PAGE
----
The Clarin victory is an indicator of Cristina Fernandez' gradual loss of political control.
BY CARLOS CAICEDO
On December 6, 2012, the constitutional branch of the Supreme Court granted Clarin a reprieve over an anti-monopoly law that would have forced the media group to divest assets by December 7.
The decision constitutes a significant setback for the government of Cristina Fernandez which was preparing to intervene in several of Clarin's media companies. The new media law, approved in 2009, states that no media group in Argentina is allowed to have dominant control of the sector. Clarin appealed the law delaying its implementation. The law is a significant threat to Clarin Group, which owns a string of television and broadcasting licences.
The government reacted angrily to the court's decision claiming that the judges were in Clarin's pockets and pledging to appeal the ruling. This has put the government on a collision course with the judiciary. The latter issued a statement condemning the government's attempt at unduly influencing the courts through 'direct and indirect means'. Indeed, in the weeks prior to the ruling the government tried to get several judges removed from the case on the grounds that they were sympathetic to Clarin.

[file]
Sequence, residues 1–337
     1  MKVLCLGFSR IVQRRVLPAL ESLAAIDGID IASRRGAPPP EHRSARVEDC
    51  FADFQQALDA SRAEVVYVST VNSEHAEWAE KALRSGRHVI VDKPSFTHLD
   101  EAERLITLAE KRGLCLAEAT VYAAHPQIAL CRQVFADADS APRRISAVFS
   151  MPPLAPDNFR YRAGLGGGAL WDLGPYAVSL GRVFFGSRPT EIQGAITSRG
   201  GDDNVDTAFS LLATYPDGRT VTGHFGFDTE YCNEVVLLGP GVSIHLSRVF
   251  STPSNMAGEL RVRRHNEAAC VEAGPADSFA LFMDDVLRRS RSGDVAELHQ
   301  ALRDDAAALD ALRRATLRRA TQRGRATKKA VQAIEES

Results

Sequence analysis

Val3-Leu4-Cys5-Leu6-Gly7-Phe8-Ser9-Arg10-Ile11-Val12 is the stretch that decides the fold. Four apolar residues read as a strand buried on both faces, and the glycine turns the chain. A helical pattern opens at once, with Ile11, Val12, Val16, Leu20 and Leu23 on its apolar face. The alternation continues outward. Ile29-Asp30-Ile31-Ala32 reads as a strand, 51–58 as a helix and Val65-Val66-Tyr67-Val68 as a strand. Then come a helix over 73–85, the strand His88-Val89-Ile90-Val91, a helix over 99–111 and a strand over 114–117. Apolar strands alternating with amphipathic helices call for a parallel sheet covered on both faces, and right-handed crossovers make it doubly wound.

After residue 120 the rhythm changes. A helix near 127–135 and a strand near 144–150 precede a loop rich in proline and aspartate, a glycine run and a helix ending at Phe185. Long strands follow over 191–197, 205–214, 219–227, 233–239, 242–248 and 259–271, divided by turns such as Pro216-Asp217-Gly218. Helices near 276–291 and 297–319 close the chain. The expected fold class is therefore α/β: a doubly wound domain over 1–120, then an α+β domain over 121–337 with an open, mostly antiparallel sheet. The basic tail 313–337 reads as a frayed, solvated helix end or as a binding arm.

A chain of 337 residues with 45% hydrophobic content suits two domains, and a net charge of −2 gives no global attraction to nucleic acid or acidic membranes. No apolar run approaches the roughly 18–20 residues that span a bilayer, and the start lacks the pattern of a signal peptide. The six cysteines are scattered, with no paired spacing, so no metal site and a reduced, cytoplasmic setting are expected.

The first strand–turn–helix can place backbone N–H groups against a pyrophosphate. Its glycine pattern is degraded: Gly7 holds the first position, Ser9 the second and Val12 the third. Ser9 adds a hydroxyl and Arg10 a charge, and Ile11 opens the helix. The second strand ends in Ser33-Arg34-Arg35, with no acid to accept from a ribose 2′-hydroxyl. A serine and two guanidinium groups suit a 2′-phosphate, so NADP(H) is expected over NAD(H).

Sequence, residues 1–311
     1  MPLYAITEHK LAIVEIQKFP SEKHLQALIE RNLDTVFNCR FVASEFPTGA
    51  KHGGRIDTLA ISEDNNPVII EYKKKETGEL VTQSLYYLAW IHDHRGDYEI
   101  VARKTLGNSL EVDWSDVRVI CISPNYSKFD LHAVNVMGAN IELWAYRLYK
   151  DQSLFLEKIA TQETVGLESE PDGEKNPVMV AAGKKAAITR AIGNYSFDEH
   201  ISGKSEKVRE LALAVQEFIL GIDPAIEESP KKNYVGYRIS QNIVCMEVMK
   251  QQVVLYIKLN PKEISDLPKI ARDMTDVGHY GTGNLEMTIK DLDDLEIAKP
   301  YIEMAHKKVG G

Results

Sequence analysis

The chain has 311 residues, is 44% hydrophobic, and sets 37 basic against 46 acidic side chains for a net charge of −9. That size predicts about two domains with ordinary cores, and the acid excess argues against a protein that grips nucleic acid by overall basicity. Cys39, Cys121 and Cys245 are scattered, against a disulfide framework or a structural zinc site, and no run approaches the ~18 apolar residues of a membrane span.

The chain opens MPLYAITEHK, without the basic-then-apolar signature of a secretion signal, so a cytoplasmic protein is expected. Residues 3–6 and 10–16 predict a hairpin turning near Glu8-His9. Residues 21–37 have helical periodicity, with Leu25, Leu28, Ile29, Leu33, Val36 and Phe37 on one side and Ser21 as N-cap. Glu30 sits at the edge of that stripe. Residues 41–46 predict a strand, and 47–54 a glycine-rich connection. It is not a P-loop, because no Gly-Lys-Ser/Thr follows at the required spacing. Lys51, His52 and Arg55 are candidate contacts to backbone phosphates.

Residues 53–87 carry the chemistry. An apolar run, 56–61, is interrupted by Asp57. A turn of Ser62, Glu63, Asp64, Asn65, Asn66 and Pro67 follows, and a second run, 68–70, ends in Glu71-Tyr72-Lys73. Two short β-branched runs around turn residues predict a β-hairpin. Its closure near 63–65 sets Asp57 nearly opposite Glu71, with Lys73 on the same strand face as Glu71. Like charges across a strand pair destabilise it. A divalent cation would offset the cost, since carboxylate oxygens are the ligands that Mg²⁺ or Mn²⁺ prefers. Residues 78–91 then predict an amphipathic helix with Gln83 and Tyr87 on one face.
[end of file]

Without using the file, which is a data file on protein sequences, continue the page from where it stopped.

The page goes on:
Clarin's successful appeal provides respite to the media group. By antagonizing the judiciary the government is making it highly likely that the dispute would drag through the courts for a year or more. The ruling also shows that the judiciary still enjoys independence despite the government's efforts to exert control over the top judges. This is an indicator of Cristina Fernandez' gradual loss of political control.
Carlos Caicedo is head of the Latin America division at Exclusive Analysis, a UK-based global risk consultancy.